Cattle Today

Cattle Today



MISSISSIPPI STATE -- Hurricane Katrina changed the way Mississippi crops leave the state, and a year later some producers are still dealing with the change.

Mississippi's port at Gulfport and the ports at New Orleans and Mobile served as the exit point for much of the state's crops. Katrina damaged each of these, wiping the Port of Gulfport clear of all its structures and temporarily closing the others. Nearly a year later, all are back in some level of operation, but Gulfport is still in the worst shape of the three.

The Port of New Orleans handled about half of the state's grain exports before Katrina. Much of the nation's grain came down the Mississippi River and was shipped out from this port. Steve Martin, agricultural economist with the Mississippi State University Extension Service operating from the Delta Research and Extension Center in Stoneville, estimated that those exports have regained most of their pre-Katrina status. “Grain shipments were backed up last fall after Katrina hit, so it took longer and cost more money, but shipments still traveled down the Mississippi River to be shipped from New Orleans,” Martin said. “The only real problem was the expense caused by the delay.”

Martin said the river system is running smoothly now to handle this fall's harvests, assuming river levels do not drop too much lower.

Poultry exporting, however, is radically different from before the storm. ike Pepper, president of the Mississippi Poultry Association, said the Port of Gulfport was vital to the state's poultry industry. “We depend on cold storage. Before Katrina destroyed the facilities there, we were able to drop off a trailer at the Port of Gulfport and have it unloaded and stored until the ships came in,” Pepper said. “Our product has to be in cold storage, and the facilities at Gulfport were completely wiped off the map.”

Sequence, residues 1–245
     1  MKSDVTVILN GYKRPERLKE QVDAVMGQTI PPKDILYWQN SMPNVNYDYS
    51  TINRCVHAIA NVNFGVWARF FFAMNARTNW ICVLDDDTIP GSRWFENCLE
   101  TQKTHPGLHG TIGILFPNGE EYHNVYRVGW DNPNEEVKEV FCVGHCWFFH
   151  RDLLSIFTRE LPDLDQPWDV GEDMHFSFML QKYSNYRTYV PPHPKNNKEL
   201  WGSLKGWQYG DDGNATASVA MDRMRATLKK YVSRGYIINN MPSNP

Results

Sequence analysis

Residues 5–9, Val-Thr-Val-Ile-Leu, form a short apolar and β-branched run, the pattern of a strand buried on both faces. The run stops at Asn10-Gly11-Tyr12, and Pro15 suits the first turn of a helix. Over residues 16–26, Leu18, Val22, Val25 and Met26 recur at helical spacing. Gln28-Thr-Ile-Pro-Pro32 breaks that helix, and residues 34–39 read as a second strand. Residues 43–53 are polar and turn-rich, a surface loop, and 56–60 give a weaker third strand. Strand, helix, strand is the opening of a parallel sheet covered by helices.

Poultry companies have coped with the destruction by moving their shipments mostly out of New Orleans. Pepper said the Port of Gulfport intends to rebuild their cold storage facilities bigger and better than before, but are awaiting final insurance and Federal Emergency Management Agency settlements.

“The key is getting a state-of-the-art facility,” Pepper said. “Our goal is to have modern facilities with blast freezers. That's what the competition has in Mobile and New Orleans, and they are working to make sure they can have it in Gulfport, too.” Pepper said ports from Houston to Jacksonville, Fla. absorbed the poultry export traffic that had gone through Gulfport, but authorities are confident they can regain that business once they overcome their obstacles and rebuild.

“I think they are very confidant they can regain the business they had prior to the hurricane and get even more,” Pepper said.

In a May press release, the Mississippi State Port Authority announced the completion of a 105,000-square-foot warehouse. The port intends to add almost 300,000 square feet of additional warehouse space by mid-2008. The port handled more than 2 million tons of cargo in 2005 and has set a goal of exceeding that tonnage in 2006.


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